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Tom Richmond: Soundbite culture has let our politicians duck debate

Tory grandee Ken Clarke on the election trail in Mansfield.
Tory grandee Ken Clarke on the election trail in Mansfield.
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TORY grandee Ken Clarke has never shirked a challenge or interview request – even when it has landed him in hot water. He’s the former Chancellor who inadvertently described Theresa May as “a bloody difficulty woman” during the 2016 leadership contest.

First elected to Parliament in 1970, the Father of the House is, like many others, concerned about the poor calibre of today’s politicians and how they only communicate in soundbites.

He has a point. A senior member of Margaret Thatcher and John Major’s governments, Mr Clarke told Channel 4 News this week that part of his duties involved selling policies to a sceptical public.

“I wanted to go out there, take part in the debate, explain why I was doing what I was doing, answer my critics, and answer the criticisms,” he said.

“I think you were expected [to] in the Thatcher and Major governments and before that. Cabinet ministers had to combine some executive skills with the ability to go out and look out for themselves and argue their case and try to win the argument.”

Mr Clarke says this changed when the main parties started hiring polling and communications experts who were risk-averse, believed key messages like ‘strong and stable’ had to be repeated parrot-like – and discouraged politicians from straying onto more contentious issues.

I agree. Public and media appearances by Ministers are so tightly controlled today that they risk becoming irrelevant. It should not be like this. As Mr Clarke would say, robust debate actually helps to shape arguments and policies. And, on a related point, when was the last time a very senior Minister went on a programme like Question Time or Any Questions?

They used to in the past. Now they don’t unless they’re forced to go on Andrew Marr’s Sunday show out of necessity. And, if the party leaders can manage it, they won’t even appear on Channel 4 News – or Radio 4’s Today programme – during election campaigns for fear of being caught out.

Perhaps they should. For, if they 
did, the exchanges might make 
them better politicians and lead to greater statesmanship.

MACAVITY strikes again. The Yorkshire Post would like to have interviewed Transport Secretary Chris Grayling 
this week about the probity of the promised £780m upgrade of the East Coast Main Line.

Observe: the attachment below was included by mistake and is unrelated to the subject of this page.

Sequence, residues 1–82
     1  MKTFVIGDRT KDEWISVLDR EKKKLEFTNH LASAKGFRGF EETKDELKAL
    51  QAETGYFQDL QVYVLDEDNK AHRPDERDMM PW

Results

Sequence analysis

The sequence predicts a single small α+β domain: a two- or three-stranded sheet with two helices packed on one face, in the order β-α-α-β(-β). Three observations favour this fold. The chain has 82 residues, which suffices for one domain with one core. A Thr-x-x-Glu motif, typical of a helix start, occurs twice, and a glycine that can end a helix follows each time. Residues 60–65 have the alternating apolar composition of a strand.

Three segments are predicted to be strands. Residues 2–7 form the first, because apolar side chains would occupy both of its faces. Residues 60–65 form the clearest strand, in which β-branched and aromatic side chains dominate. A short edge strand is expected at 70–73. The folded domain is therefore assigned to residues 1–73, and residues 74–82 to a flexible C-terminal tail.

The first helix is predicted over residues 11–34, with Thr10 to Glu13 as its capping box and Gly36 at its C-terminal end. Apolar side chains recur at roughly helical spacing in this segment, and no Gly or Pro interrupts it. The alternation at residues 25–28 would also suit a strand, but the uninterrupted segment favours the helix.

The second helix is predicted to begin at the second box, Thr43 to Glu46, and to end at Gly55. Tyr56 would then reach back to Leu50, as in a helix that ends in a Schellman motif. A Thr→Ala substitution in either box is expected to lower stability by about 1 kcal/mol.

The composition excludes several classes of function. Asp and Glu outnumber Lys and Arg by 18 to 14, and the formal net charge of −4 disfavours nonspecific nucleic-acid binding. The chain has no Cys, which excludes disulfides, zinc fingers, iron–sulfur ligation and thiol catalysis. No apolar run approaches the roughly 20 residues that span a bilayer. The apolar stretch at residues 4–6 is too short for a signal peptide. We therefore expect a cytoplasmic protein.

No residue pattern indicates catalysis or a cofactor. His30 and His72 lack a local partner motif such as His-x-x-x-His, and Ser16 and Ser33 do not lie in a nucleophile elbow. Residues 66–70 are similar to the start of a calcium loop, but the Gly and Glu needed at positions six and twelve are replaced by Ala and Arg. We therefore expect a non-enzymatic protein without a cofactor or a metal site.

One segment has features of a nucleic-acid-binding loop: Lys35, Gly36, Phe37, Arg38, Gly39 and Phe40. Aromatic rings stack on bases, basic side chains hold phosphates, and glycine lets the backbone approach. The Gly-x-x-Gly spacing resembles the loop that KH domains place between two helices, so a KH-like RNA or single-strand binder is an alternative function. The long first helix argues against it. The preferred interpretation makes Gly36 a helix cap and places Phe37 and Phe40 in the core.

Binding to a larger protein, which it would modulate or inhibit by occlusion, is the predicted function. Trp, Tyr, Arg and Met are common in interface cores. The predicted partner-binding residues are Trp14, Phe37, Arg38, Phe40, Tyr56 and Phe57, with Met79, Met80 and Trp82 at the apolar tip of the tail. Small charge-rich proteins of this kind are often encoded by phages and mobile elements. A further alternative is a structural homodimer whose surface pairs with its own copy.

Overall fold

What a shame that the Department for Transport only notified this newspaper just 14 minutes before the Cabinet minister’s visit to the HS2 college in Doncaster where he accused critics of talking down the North.

Presumably Mr Grayling was busy signing off the £600m bailout of Crossrail in London by the DfT and Network Rail which was sneaked out on the day Parliament adjourned for the summer recess. The word ‘cowardice’ comes to mind.

CHRIS Grayling’s contempt is even more indefensible after a colleague recounted the plight of a lady with a walking stick, aged in her mid-50s, as she tried to get on a TransPennine Express service from Leeds to Manchester.

It was just three carriages long, and she had to beg to other passengers to let her board a crammed carriage. “I’ve already been turned away from two other trains because they were so full,” she pleaded.

Her cry for help was, thankfully, heeded by some of the more chivalrous passengers, but it shows why the upgrade of this line must be a national priority.

IT would have been better if Skipton and Ripon MP Julian Smith – still the Government’s chief whip – answered questions this week over pairing arrangements and his mishandling of the botched Brexit vote.

This comes after Tory chairman Brandon Lewis reneged upon an agreement to sit out a division on customs policy, which was too close to call, because Lib Dem deputy leader Jo Swinson was absent on maternity leave.

The issue is the prevailing culture of secrecy. Why can’t any arrangements be published in advance on the Order Paper? David Lidington, the Minister for the Cabinet Office, disagrees. He said: “There are often Members who are going through periods of ill health or great family and personal stress... it is not always right for the pairing arrangements to be made public.”

He forgets, however, that Ministers and MPs are answerable to the public and those with nothing to hide should have nothing to fear from this transparency test.

TALKING of David Lidington, who is Theresa May’s de facto deputy, it appears he has picked up on my suggestion last week that a Ministerial job be offered to Jacob Rees-Mogg, the rebellious Brexiteer-in-chief. He advised the Government’s chief critic: “Those who start out not being the blue-eyed boys of the Whips Office usually end up being recruited into it.”

FINGERS crossed that Geraint Thomas wins the Tour de France this weekend and keeps the yellow jersey. Cycling’s most likable chap, I had the privilege of meeting – and interviewing – him before the 2014 Grand Départ. Charming, self-effacing, modest, he’s a superstar who has never forgotten his roots.

And his advice to youngsters is still relevant today. “Do it with mates,” he said. “It’s a great way to get outside. It’s a bit of adventure when you’re young and you go even five miles away. If you want to race, look up your club on the internet. See what is out there. Meet people and away you go.”

That’s what he did. And look where it’s taken him. Good luck G.

tom.richmond@ypn.co.uk